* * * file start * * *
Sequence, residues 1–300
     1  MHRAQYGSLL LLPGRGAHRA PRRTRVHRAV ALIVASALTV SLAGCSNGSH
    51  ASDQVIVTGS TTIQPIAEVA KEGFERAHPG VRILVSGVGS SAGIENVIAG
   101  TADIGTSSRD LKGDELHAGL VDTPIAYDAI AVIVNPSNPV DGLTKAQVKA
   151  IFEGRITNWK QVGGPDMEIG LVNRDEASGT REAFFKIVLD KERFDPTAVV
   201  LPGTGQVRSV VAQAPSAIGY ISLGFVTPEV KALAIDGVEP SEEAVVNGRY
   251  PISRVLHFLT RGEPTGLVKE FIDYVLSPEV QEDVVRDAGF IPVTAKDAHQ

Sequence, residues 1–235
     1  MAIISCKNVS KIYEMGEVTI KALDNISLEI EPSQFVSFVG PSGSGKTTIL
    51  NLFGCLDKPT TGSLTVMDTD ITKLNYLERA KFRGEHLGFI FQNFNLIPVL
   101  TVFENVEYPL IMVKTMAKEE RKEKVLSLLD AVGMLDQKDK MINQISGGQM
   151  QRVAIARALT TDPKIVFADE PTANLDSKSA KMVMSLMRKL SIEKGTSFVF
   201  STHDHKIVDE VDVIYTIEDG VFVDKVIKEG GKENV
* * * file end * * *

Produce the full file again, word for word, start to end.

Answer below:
Sequence, residues 1–300
     1  MHRAQYGSLL LLPGRGAHRA PRRTRVHRAV ALIVASALTV SLAGCSNGSH
    51  ASDQVIVTGS TTIQPIAEVA KEGFERAHPG VRILVSGVGS SAGIENVIAG
   101  TADIGTSSRD LKGDELHAGL VDTPIAYDAI AVIVNPSNPV DGLTKAQVKA
   151  IFEGRITNWK QVGGPDMEIG LVNRDEASGT REAFFKIVLD KERFDPTAVV
   201  LPGTGQVRSV VAQAPSAIGY ISLGFVTPEV KALAIDGVEP SEEAVVNGRY
   251  PISRVLHFLT RGEPTGLVKE FIDYVLSPEV QEDVVRDAGF IPVTAKDAHQ

Sequence, residues 1–235
     1  MAIISCKNVS KIYEMGEVTI KALDNISLEI EPSQFVSFVG PSGSGKTTIL
    51  NLFGCLDKPT TGSLTVMDTD ITKLNYLERA KFRGEHLGFI FQNFNLIPVL
   101  TVFENVEYPL IMVKTMAKEE RKEKVLSLLD AVGMLDQKDK MINQISGGQM
   151  QRVAIARALT TDPKIVFADE PTANLDSKSA KMVMSLMRKL SIEKGTSFVF
   201  STHDHKIVDE VDVIYTIEDG VFVDKVIKEG GKENV